A news release on 16th June, 2015, states that the FDA has taken steps to remove artificial trans fats in processed foods to reduce coronary heart disease and prevent thousands of fatal heart attacks every year.
The mature fallen fruit is sour in taste. To quote, “In Benin fruits are usually gathered in April–June, mostly by women. After collection, they are put together under a tree and covered to accelerate fermentation of the fruit pulp and to facilitate seed extraction” (www.prota4u.info). This is not necessary and an absolute waste of a natural renewable resource. Despite the large numbers of fruits produced annually, research has not been carried out on its composition and utilisation.
The weight of a fresh fruit varies from about 200 – 450 gms. The peeled fruit (Mesocarp) is app. 40-50% of the fresh fruit by weight. It is not necessary to allow the mesocarp to decay or rot for the removal of the seeds. This fruit may turn out to be economically and nutritionally important. The fresh fruit can be used to produce a tasty fruit drink. Considering the large number of fruits, even a young tree bears each year, the fruit has the potential for production of jams, preserves and innovative value addition.
Penta fresh fruit drink, anyone?
Having found the species P. butyracea by a coincidence, thanks to Prof. Shukla, I have persevered to understand the important basic information, despite the lack of scientific training. There is adequate information to show its importance as a perennial tree crop with multiple benefits, as good as or better than any other. In order to fully realise its inherent potential research already carried out by Prof. Shukla have to be published and maybe further research has to be carried out but, in the meantime, why waste the fruits and seeds produced annually in Sri Lanka?
When each and every seed of this multipurpose asset with potential to relieve or reduce problems such as rural poverty, devastation from unsustainable land practices, often added burdens for women and mothers even in our little Island, should have been used to raise a seedling for establishment of this species, the above pictures indicate how such a gift endowed to us has been wasted for over a century. Has no one so far seen, read or understood or been a wee bit curious of the meaning of the word “Butter” clearly written of the name board?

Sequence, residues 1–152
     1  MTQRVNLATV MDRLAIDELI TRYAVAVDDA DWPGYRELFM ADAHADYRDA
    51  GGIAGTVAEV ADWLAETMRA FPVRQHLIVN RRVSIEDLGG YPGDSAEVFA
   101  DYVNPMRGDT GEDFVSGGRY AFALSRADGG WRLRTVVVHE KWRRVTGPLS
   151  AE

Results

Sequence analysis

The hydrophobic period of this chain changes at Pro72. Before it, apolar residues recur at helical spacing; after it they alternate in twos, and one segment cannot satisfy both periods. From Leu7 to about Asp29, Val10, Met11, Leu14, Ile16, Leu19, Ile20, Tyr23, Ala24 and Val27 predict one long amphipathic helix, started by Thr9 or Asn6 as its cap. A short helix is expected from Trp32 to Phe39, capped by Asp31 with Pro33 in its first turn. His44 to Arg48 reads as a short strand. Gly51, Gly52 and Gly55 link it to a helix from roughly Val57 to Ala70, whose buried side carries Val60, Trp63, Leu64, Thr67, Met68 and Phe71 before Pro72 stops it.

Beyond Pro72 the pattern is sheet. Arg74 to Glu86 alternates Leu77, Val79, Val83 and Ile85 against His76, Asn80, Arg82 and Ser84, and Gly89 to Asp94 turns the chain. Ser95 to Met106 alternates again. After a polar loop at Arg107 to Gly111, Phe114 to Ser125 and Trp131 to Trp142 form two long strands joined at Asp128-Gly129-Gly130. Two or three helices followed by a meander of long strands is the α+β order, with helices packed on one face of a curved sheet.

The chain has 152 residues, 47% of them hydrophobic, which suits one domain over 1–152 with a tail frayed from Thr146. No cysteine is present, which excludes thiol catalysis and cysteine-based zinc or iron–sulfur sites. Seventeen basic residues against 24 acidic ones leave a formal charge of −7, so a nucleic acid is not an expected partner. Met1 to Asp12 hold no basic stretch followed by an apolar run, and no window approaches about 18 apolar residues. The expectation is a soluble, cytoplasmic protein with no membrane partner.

This definitely is not a case of a ‘Lost Crop of Africa’ being ‘found’ in Sri Lanka but, a little attention or curiosity given to a perennial tree crop that should have been established on a large scale long, long ago. I firmly believe that God and nature have evolved such tree crops with objectives, finally for the benefits to reach the people, irrespective of their nationality, colour or religion. I sincerely hope that this will be the final result of my lone effort.
I appreciate very much the response of Dr. Noel Vietmeyer, for recognising the potential of the species from the information sent to him and rather than ignoring it like so many Sri Lankan and foreign individuals, organisations, NGOs, etc., by suggesting that I write this article.
(The writer is an Associate of International Food Science Centre A/S, Denmark.
He can be reached via email firstname.lastname@example.org.)